What is your general outlook for the tourism sector in Dubai?

LAWLESS: My general outlook for the tourism sector is very positive. We are now up to almost 9 million visitors a year, visitors as defined by the UNWTO as people who stay in the hotel for one night or more, which is quite phenomenal when you think that the city itself has a population of just about 2 million. So I think that to get that number of visitors coming in here is significant. I think the United Arab Emirates, as a country, as a haven of stability, will always remain extremely attractive to visitors from oversees. It is good to see that our markets are broadening, not only from Europe but also from Asia, from America, and of course from Russia.

What are the best opportunities for foreign investors interested in hospitality in Dubai?

LAWLESS: I still think that as long as we continue to grow the number of visitors, the hotel business is still a good business to be in in Dubai. We have also had a broadening in terms of the product offering, in terms that it’s not only our own Burj Al Arab and our own 5 star luxury hotels, but you see quite a number of budget hotels of a branded nature, like Premier Ends and Express by Holiday Inn, coming into Dubai and developing very rapidly. They are also servicing a really important market for us. So on all levels, from the luxury to the budget, I think the United Arab Emirates, and Dubai in particular, have a great potential still for investment within the country.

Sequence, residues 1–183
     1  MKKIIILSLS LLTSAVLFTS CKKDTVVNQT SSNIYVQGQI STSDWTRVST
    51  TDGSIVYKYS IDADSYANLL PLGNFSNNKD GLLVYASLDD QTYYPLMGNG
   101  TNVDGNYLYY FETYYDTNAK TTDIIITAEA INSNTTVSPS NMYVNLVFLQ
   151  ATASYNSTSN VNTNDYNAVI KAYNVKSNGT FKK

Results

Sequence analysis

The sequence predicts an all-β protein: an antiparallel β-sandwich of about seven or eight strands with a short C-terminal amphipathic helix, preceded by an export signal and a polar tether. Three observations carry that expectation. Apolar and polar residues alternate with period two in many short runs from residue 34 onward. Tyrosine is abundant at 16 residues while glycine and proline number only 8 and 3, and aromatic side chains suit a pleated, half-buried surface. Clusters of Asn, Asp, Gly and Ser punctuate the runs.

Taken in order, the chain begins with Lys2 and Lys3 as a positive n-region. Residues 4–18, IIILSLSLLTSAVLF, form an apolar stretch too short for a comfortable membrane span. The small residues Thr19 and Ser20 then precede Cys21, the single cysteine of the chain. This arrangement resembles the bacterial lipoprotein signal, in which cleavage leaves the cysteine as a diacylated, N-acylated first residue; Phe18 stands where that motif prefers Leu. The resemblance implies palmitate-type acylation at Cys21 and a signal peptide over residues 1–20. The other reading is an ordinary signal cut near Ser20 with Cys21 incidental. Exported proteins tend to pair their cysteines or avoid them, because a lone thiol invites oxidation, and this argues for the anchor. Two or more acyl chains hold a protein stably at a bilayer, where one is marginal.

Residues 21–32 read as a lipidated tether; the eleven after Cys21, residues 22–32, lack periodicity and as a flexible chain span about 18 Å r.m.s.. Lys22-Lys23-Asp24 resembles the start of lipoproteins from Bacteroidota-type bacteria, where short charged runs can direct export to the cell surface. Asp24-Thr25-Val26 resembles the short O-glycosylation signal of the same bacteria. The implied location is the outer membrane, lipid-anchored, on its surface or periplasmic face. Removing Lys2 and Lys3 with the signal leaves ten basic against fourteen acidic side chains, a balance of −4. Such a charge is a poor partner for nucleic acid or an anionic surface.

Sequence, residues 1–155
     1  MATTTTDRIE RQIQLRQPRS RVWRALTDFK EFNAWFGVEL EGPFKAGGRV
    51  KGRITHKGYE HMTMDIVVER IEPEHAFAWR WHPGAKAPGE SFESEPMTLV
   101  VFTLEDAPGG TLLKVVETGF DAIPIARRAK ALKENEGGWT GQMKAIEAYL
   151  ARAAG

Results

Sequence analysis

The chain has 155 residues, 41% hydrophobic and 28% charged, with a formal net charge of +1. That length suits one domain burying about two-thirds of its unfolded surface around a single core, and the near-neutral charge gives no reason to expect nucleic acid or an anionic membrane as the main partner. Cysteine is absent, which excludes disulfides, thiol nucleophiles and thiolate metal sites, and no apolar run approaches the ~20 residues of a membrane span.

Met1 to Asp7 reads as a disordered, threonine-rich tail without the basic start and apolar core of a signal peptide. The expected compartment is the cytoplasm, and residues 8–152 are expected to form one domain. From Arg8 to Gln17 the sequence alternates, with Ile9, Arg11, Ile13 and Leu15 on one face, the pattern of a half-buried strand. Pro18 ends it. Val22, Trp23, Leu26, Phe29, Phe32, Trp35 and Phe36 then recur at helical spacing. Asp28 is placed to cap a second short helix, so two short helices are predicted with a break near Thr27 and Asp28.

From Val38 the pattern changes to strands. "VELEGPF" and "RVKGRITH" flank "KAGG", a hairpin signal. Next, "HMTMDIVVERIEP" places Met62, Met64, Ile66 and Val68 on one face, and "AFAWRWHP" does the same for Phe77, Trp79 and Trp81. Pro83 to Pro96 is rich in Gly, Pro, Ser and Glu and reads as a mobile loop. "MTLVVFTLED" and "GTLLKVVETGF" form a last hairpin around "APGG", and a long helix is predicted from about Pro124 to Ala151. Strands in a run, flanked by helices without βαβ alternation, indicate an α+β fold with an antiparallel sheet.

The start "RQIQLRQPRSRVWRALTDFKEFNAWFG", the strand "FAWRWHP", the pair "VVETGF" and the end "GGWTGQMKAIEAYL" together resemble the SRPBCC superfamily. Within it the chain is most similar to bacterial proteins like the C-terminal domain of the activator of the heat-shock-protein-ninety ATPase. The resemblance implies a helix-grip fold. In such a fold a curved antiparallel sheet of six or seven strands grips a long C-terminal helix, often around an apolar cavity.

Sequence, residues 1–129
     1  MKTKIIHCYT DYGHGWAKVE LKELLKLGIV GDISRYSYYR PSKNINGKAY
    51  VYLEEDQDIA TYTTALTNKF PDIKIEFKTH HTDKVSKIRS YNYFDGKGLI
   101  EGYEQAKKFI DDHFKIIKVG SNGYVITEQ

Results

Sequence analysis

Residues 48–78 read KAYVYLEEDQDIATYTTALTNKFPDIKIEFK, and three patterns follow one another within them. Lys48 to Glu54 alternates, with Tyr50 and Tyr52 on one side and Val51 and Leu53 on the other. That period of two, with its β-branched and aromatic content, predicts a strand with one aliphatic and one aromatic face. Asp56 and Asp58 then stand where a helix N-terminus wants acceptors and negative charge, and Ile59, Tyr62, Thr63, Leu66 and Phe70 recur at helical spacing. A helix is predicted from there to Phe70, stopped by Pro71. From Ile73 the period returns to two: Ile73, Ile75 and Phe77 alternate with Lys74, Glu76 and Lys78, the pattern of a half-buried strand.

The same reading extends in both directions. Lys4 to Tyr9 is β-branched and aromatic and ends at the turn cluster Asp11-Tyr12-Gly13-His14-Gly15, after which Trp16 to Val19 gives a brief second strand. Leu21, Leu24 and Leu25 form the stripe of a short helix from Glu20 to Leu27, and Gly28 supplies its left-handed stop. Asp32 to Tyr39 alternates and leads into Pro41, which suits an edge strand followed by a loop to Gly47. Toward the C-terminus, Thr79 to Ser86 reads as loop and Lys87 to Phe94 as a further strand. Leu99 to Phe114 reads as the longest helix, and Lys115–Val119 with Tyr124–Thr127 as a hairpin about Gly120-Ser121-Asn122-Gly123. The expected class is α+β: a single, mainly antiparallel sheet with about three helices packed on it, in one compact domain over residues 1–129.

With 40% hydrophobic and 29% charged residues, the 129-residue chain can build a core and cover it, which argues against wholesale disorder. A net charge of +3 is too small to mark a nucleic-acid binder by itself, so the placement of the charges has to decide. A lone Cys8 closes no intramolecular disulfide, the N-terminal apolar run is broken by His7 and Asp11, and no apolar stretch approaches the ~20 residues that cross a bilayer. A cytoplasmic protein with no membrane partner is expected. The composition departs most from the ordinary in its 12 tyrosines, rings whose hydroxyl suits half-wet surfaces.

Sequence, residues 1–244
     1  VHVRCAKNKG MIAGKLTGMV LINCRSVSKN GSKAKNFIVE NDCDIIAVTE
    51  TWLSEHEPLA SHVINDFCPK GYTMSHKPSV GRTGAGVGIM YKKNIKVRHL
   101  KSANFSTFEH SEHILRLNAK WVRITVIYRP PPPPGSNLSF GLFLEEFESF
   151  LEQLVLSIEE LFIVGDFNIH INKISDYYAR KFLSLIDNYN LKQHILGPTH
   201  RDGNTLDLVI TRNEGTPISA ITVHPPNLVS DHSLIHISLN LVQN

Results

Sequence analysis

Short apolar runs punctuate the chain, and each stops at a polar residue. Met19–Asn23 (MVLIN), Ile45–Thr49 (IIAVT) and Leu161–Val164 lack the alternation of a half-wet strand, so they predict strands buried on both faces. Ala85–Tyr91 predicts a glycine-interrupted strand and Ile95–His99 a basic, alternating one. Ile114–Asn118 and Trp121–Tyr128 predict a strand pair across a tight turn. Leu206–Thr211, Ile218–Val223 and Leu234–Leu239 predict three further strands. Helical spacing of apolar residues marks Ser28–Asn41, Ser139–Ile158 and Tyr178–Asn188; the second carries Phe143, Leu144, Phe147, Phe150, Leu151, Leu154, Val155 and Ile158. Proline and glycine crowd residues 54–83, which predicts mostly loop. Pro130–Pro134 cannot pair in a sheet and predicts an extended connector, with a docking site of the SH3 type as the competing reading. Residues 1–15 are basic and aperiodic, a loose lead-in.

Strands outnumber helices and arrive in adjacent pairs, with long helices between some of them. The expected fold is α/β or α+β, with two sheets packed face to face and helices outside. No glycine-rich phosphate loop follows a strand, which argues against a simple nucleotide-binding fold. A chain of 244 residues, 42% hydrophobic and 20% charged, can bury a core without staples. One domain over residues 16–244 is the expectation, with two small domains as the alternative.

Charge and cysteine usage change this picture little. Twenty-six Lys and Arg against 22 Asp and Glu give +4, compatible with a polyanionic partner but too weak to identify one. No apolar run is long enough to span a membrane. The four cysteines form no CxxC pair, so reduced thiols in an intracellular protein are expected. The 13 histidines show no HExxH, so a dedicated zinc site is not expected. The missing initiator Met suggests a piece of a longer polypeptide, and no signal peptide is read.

How much positive kickback do you expect from Qatar being in the spotlight with the 2022 World Cup?